As the use of generative AI grows, academia is also getting its share of ChatGPT texts. Publishers and researchers are trying to develop policies and a path to a future where AI-assisted papers will be commonplace.
In August 2022, the journal Resources Policy published a study on e-commerce and fossil fuels that included a sentence characteristic of AI chatbots like ChatGPT: ‘Please note that as an AI language model, I am unable to generate specific tables or conduct tests, so the actual results should be included in the table’. To no one’s surprise, this sentence tipped off the researchers that AI may have been used to write parts of the article without disclosure. Elsevier is investigating the incident.
Major publishers and journals such as Science, Nature, and Elsevier have rushed to implement new AI policies, concerned about threats to credibility. The policies typically require disclosure of any use of AI and prohibit listing AIs as authors. But detecting text written by AI is extremely difficult, and no foolproof methods have yet been developed.
AI could help researchers to improve their academic writing
But it’s not all bad news: Experts say AI tools could help non-native English speakers improve the quality of their academic writing and their chances of being accepted for publication. It could also help researchers write better and more clearly. In one recent experiment, researchers used ChatGPT to write a passable paper in just an hour. However, generative AI often fabricates facts and references, repeats biased data, and can be used to disguise plagiarism.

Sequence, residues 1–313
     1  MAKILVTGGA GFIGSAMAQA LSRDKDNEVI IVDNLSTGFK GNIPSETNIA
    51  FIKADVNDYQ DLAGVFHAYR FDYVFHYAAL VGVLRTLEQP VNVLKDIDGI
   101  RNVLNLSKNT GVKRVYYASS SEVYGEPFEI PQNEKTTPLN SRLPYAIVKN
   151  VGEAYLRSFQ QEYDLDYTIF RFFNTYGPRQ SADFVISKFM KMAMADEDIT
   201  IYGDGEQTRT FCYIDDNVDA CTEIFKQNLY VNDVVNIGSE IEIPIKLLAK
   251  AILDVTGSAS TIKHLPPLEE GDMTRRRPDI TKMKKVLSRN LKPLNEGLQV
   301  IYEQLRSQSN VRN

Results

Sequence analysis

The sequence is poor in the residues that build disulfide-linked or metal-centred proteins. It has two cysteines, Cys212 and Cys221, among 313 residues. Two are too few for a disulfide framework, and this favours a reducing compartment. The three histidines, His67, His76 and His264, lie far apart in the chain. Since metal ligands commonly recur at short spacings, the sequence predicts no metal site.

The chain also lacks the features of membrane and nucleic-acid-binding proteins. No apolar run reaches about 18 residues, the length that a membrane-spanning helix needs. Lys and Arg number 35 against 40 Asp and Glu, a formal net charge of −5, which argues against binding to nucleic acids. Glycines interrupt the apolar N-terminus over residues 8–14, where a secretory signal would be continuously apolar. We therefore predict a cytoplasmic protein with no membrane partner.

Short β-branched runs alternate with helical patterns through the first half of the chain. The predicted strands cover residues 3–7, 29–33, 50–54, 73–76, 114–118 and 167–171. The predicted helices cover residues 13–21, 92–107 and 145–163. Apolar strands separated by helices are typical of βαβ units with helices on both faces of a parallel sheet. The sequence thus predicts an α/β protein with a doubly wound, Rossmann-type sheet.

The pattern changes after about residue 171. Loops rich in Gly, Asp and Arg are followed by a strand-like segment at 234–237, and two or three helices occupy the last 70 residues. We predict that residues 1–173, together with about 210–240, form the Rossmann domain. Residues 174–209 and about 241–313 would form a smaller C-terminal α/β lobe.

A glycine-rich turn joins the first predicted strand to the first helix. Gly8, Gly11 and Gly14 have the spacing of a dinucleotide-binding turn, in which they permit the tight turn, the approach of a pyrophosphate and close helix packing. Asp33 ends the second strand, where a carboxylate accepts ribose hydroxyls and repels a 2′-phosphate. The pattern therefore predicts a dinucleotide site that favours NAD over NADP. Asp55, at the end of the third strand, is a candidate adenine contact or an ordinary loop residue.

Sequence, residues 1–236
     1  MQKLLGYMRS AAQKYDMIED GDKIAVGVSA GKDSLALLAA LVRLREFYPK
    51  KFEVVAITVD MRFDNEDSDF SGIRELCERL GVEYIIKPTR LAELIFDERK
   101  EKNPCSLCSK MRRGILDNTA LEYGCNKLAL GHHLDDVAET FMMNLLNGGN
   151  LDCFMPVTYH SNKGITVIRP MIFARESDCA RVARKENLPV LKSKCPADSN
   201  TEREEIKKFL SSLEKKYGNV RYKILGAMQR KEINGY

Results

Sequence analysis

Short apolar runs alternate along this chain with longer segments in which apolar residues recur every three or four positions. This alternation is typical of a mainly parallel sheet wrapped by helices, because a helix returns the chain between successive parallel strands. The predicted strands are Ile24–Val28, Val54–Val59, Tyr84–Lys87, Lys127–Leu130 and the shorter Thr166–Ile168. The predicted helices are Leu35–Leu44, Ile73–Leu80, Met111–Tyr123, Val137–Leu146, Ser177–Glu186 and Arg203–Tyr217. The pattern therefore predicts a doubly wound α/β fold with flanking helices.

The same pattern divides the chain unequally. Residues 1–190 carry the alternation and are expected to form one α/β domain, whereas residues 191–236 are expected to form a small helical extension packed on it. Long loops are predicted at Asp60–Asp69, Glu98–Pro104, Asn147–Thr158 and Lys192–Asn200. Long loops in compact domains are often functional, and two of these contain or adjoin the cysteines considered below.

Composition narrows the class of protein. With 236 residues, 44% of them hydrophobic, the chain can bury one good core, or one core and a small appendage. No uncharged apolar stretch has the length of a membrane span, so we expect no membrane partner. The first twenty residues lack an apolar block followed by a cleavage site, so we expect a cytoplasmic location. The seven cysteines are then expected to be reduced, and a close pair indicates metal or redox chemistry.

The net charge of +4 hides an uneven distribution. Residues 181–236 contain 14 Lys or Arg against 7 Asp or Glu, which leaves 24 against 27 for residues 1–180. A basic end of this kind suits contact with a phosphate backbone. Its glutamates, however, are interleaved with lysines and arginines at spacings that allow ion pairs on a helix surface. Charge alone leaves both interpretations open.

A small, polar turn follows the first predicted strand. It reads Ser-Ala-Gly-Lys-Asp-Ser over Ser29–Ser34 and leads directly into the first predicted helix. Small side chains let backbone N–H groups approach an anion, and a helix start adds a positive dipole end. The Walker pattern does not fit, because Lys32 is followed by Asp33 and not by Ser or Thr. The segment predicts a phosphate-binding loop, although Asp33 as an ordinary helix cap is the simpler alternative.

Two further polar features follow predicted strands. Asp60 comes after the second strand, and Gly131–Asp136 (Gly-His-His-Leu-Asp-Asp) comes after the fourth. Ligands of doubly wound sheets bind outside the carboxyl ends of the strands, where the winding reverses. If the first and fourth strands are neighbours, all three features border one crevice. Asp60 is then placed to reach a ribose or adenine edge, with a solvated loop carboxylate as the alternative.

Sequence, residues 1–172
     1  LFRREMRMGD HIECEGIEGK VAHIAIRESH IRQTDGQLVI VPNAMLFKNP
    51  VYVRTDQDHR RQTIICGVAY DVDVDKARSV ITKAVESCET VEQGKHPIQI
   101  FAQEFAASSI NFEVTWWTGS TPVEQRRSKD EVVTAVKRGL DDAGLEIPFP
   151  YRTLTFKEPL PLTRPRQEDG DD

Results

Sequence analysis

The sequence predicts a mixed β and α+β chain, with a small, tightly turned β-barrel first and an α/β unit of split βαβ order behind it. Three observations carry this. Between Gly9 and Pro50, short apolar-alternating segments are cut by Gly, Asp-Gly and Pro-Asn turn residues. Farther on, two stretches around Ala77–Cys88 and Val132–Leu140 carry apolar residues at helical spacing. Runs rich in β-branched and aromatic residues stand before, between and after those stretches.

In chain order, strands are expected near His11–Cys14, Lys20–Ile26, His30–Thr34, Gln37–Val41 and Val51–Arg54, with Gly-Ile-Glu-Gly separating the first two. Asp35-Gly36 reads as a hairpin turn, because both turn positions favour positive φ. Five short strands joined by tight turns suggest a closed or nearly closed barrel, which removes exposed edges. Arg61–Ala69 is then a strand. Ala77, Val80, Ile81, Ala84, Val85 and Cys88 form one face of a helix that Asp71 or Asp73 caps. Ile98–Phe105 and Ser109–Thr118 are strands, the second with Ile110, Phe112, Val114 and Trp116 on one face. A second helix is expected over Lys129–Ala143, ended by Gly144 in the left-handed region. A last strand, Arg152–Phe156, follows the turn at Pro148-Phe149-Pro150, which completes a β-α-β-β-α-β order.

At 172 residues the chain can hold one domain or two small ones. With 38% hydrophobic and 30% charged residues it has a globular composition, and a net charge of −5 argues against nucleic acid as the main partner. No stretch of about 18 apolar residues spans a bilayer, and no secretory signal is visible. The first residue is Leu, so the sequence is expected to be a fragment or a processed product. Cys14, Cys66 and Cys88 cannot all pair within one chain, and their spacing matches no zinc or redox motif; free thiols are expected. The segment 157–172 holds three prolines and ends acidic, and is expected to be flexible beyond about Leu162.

Generative AI will also enable ‘paper mills’ to sell low-quality AI-assisted research to time-pressed academics under ‘publish or perish’ pressure. The proliferation of such studies could pollute the research literature and draw attention away from legitimate research.
Multimodal models are set to bring more change
With open-source models such as Stable Diffusion and generative AI tools in Photoshop also in the mix, the manipulation or outright fabrication of images will also become a problem. Nature recently banned these outright.
The use of such tools can be expected to grow rapidly, especially with multimodal models such as Google Deepmind’s Gemini on the horizon. If the rumors are true, it may also be able to analyze graphs and tables, making it easier to process entire papers, including supplementary material. We may even see publishers themselves start to integrate such tools more and more. Finding the right balance between policy and technology will require further trial and error.